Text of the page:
Islamic Azad University
Central Tehran Branch
Faculty of Foreign Languages – Department of Postgraduate Studies
A Thesis Submitted to the Department of Postgraduate as a Partial Fulfillment for the Degree of M.A in English Literature
An Investigation into Social Interest: An Adlerian Critical Reading of Henrik Ibsen’s A Doll’s Houseand Hedda Gabler in the Light of Psychoanalytical Feminism
Dr. Razieh Eslamieh
Professor Dr. Jalal Sokhanvar
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The present thesis attempts to study Henrik Ibsen’s A Doll’s House and Hedda Gabler in terms of Adlerian theories of Psychoanalytic Feminism and Social Interest. This study defines the process of constructing a female framework; where women are producers of “textual meaning” including the psychodynamics of female creativity, linguistics and the problem of a female language. Adler declares the ways that the female individual interacts with her husband and others can conduct her toward individual gain or collective goals. In addition, women are deprived of some obvious rights, and the only remedy is to understand their social identity which brings them Life Style and Social Interest. Additionally, Adler argues that such psychological force underlies human behavior, especially the dynamic relations between conscious motivation and unconscious motivation. Alfred Adler claims that there isa relation between masculinity and femininity which are crucial for understanding Individual Psychology. In A Doll’s House, the man is universally privileged because of his gender while the woman is suppressed, and Feeling of Inferiority is. It is believed that social law ties women to men forever. Love and sexual relations also proceed in the way men prefer. In Hedda Gabler Hedda, is a woman restricted by Victorian values and trapped in a loveless marriage with aboring man. Her only solace is manipulating others, which easily shows the definition of Social Interest in the drama. In sum, this study addresses a number of points in demonstrating the real position of woman in the society and their feeling about the society.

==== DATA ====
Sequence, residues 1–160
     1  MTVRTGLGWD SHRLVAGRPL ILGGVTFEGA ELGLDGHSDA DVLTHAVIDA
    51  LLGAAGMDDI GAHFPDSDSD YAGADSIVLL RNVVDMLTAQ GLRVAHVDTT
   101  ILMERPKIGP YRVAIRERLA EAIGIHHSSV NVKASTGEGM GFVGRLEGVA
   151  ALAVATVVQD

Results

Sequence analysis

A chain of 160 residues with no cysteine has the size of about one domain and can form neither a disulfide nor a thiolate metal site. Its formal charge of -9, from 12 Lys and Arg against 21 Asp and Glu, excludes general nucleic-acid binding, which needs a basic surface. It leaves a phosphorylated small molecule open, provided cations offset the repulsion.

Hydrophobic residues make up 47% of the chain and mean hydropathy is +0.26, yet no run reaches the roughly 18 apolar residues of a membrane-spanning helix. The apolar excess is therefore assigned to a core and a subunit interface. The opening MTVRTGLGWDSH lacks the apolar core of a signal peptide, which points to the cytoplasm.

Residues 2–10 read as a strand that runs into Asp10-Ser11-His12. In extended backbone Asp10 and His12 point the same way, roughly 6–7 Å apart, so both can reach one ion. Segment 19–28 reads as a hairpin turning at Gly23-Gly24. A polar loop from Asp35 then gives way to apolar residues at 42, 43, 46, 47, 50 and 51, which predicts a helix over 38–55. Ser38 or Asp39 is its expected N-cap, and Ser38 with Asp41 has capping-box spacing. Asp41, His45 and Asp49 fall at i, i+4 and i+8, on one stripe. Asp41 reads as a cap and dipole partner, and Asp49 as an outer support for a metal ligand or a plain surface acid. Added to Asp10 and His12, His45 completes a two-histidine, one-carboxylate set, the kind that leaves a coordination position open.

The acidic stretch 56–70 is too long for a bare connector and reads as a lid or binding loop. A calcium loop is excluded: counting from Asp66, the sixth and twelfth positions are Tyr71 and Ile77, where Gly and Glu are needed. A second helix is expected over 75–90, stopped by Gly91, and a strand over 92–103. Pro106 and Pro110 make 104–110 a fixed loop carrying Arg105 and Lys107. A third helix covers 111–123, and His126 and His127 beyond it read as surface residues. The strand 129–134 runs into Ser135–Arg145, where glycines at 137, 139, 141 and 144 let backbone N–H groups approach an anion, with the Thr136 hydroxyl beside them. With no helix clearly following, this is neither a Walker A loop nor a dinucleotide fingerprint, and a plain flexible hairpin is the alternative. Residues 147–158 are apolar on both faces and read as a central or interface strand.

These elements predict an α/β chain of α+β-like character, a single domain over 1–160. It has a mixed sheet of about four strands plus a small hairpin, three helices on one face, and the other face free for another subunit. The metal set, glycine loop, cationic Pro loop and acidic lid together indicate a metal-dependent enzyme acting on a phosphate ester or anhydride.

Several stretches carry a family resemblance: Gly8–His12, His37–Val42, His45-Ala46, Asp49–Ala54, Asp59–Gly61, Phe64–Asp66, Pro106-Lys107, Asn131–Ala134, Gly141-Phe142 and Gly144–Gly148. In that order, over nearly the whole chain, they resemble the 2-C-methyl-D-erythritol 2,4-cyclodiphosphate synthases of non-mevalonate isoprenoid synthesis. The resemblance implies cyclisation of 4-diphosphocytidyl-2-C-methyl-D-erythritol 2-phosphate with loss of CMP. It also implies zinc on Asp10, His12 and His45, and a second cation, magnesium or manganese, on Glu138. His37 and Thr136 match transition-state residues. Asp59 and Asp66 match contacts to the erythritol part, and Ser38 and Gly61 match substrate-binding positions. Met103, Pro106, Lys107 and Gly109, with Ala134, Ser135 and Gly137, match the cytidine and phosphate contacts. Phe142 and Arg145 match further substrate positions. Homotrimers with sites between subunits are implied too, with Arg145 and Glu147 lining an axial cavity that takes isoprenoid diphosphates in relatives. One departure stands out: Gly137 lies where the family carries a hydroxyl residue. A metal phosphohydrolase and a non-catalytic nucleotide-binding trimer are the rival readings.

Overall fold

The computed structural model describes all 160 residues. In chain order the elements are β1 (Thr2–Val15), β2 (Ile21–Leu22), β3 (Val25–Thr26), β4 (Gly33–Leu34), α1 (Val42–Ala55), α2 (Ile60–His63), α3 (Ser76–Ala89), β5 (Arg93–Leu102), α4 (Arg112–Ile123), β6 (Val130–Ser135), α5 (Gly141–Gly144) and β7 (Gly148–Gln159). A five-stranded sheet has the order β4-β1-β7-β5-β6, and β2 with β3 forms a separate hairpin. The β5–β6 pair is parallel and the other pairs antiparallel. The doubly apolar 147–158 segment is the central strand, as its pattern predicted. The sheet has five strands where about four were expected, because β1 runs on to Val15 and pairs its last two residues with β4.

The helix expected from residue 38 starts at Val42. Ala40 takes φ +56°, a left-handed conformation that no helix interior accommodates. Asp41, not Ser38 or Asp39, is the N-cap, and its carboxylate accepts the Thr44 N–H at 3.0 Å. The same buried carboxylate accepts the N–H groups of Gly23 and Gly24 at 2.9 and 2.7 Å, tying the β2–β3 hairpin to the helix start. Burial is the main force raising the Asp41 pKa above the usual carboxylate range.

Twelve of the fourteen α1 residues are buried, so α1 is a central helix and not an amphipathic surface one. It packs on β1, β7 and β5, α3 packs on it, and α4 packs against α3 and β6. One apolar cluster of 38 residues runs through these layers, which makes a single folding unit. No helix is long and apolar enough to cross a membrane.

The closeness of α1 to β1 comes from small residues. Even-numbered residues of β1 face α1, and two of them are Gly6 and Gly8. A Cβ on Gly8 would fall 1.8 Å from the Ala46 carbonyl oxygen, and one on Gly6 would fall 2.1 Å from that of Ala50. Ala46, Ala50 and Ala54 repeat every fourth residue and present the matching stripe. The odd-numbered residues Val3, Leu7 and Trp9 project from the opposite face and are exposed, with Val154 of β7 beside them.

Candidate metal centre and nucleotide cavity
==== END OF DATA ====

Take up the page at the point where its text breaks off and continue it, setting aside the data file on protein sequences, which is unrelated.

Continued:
Psychoanalytic Feminism, Social Interest, Life Style, Individual Psychology
Table of Content
Henrik Ibsen (1828-1906) is a Norwegian playwright and poet. He belongs to the school of realism, but he is not afraid to be unrealistic. His works include Brand (1866), Peer Gynt (1867), An Enemy of the People (1882), Emperor and Galilean (1873), A Doll’s House (1879), HeddaGabler (1890), Ghosts (1881), The Wild Duck (1884), Rosmersholm (1886), and The Master Builder (1892).There are melodramatic devices like secret revealing letters. People enter and exit just when Ibsen needs to continue on to the next scene and bring on new opinions. His goal is to interrogate ideas, to deal with individuals, to make characters think about their society rather than presenting photographic reality.